Is Your Nonprofit Guilty of Myopic Marketing?

Written by on October 29, 2012 in Nonprofit - No comments

Because everyone is familiar with the “concept” of marketing, it’s easy to arrive at an incomplete or inaccurate view of what it is, how to use it, when to use it and what it can do to help you grow.

 

Is your nonprofit guilty of myopic marketing?

If so, you’re missing opportunities to deepen relationships, increase giving and build your reputation because of it.

To help you pressure test your current definition of what marketing really is, I’d like to share with you what it is NOT.

Marketing is not a position.

Promoting your organization, sharing your vision, engaging with your community. This is not something “someone” does. It’s not a department. It’s not something you insource or outsource.

Ever heard the saying, “Everyone’s a marketer?” If so, it was likely delivered by a marketing person with a heavy dose of sarcasm as he or she lamented about a renegade sales person or an executive who had negative feedback on a campaign or piece of collateral. While I wouldn’t suggest you provide your staff with Adobe’s creative suite and have everyone produce their own key messages and materials, I do think you need everyone in your organization equipped and empowered to spread your message. Everyone on your team needs to understand that marketing is part of their job description.

Marketing is not a special event.

It’s time for your annual fundraiser. Or maybe it’s your 25th anniversary. These types of events are obviously worthy of a lot of attention and are critically important to your organization. But don’t allow your view of marketing to be limited to special events. Marketing is something that occurs 365 days a year. You must consistently share your message, promote your impact, stay relevant and top of mind to donors, volunteers, media, clients, etc. True marketing is about relationships, not just throwing a good party or celebrating a milestone.

Marketing is not a logo.

Nor is it a website. Or a brochure. Visually expressing your brand is important, and yes you’ll need an effective logo, brochure, website, etc. But you need more than that. They say hope is not a strategy. Well, neither is brand. Many organizations view tangible brand assets as marketing’s end game. But they aren’t. Brand reflects your broader marketing strategy. It facilitates effective communication. In a world where consumers actively seek relationships with brands, you absolutely have to get yours right. But don’t stop there when you define marketing. What are your business goals? How will you reach your stakeholders?  What are your barriers to success? How can you improve the services you provide? What new services should you offer? Marketing plays a central role in all of this.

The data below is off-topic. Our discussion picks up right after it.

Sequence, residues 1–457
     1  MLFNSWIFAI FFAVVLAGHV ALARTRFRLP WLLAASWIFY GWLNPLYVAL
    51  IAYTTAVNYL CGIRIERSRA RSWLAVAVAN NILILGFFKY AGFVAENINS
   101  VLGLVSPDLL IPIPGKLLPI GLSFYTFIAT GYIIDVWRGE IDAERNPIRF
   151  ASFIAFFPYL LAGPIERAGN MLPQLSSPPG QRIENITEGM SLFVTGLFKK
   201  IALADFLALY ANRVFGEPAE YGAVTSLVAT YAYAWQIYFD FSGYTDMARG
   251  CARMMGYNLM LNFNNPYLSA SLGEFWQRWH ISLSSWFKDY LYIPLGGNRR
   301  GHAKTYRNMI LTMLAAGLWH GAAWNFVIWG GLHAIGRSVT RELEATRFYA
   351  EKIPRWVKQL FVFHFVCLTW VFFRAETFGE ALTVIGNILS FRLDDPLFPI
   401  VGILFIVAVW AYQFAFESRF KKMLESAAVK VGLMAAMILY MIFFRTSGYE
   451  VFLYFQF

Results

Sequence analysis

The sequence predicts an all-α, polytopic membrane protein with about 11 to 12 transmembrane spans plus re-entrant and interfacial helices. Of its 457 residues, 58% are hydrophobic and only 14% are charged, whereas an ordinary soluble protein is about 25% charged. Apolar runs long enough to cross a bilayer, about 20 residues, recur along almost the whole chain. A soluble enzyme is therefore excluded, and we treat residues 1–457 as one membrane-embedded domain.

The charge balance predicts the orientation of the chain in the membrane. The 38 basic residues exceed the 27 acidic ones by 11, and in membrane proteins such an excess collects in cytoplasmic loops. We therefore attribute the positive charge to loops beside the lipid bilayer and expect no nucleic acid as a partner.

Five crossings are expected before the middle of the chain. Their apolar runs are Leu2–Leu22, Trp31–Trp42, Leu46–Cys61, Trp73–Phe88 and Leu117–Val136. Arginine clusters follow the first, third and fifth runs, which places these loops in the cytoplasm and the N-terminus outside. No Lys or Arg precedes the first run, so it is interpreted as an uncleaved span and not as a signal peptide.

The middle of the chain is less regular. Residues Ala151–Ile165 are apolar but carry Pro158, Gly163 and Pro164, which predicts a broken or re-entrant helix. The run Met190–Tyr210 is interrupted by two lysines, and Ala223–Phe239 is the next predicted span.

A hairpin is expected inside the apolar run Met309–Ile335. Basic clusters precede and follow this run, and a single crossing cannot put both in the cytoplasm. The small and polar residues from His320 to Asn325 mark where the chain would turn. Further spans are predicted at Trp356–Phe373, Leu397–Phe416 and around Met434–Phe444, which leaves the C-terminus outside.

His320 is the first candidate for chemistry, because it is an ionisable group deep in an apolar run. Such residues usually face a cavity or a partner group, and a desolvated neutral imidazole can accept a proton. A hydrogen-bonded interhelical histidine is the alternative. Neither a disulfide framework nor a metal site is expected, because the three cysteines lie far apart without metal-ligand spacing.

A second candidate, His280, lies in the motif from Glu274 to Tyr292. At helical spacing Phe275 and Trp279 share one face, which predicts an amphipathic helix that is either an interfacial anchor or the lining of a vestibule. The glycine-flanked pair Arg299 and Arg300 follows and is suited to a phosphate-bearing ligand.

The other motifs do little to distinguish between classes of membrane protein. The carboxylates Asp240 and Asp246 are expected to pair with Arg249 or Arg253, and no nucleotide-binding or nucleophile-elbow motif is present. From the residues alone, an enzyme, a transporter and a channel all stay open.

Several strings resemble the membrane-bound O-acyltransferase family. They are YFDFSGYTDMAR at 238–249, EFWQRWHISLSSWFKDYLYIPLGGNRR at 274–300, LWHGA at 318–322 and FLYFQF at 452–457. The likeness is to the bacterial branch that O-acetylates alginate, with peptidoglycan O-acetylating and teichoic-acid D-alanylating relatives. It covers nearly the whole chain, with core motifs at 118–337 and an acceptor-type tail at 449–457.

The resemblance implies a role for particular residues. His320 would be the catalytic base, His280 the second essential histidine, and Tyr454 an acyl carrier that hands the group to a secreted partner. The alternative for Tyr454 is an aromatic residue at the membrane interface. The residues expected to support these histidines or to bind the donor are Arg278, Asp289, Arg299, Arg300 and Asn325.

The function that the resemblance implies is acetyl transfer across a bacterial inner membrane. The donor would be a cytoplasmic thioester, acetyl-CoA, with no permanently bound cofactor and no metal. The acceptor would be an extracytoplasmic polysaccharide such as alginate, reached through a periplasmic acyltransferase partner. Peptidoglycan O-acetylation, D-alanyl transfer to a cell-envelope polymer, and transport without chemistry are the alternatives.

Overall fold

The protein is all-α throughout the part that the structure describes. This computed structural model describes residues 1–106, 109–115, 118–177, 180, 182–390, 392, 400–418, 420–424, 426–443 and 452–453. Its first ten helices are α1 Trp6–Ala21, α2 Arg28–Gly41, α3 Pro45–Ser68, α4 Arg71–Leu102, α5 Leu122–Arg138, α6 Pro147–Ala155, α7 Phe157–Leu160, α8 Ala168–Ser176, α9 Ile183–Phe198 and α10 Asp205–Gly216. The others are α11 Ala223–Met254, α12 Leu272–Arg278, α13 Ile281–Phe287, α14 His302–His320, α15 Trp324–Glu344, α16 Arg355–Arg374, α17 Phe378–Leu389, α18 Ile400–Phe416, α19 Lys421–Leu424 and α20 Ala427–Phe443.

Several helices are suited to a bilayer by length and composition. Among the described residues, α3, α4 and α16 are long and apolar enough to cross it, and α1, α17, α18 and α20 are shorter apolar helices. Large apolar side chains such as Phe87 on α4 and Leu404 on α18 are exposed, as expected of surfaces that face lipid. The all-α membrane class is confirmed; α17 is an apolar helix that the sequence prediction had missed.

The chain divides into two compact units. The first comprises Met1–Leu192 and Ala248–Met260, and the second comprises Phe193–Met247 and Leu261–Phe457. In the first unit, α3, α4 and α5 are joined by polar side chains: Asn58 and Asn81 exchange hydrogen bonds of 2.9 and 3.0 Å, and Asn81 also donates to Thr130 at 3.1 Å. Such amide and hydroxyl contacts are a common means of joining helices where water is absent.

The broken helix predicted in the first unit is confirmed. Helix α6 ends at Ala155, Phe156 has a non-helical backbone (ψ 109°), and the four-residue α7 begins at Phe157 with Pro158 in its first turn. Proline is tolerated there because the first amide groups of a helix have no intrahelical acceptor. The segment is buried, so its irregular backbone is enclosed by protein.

Marketing is not fundraising.

While smart marketing is critical to driving donations, don’t pigeonhole marketing’s utility as only a fundraising function. The way you communicate and engage volunteers and influencers is just as important. As is making sure the people you want to help are aware of your organization and how they can access your services. Marketing has lots of important responsibilities. One of those is facilitating fundraising. Don’t ignore the rest.

Marketing is not an expense.

If you view marketing as an overhead cost, you are missing the boat. Marketing is key to your growth, or even keeping your doors open. Money spent wisely in marketing leads to financial and business returns. It’s an investment. For profit and nonprofit organizations alike make this mistake all the time, treating marketing as a cost center instead of a revenue driver. It can be hard in the nonprofit environment for organizations to invest in marketing because of the typical categorization as an operational cost. But at the very least, your mindset should be to view marketing as a growth opportunity and not just as overhead.

Marketing is not optional.

Most nonprofit leaders cringe when they hear the word marketing. They didn’t get into this space to sell; they want to make a difference. The tough reality is that in order to make a difference, your organization must be positioned well. There are more than 1.5 million nonprofits in this country today. Many of them will not grow their causes. Many will fail. If you want to survive the cut, you have to break through the clutter. You have to be visible. Your impact has to be clear. And there’s a lot of competition out there. As a result, you must spend significant time, and some money, on marketing.

How did your earlier definition hold up? Does your organization see marketing’s full potential? 

 

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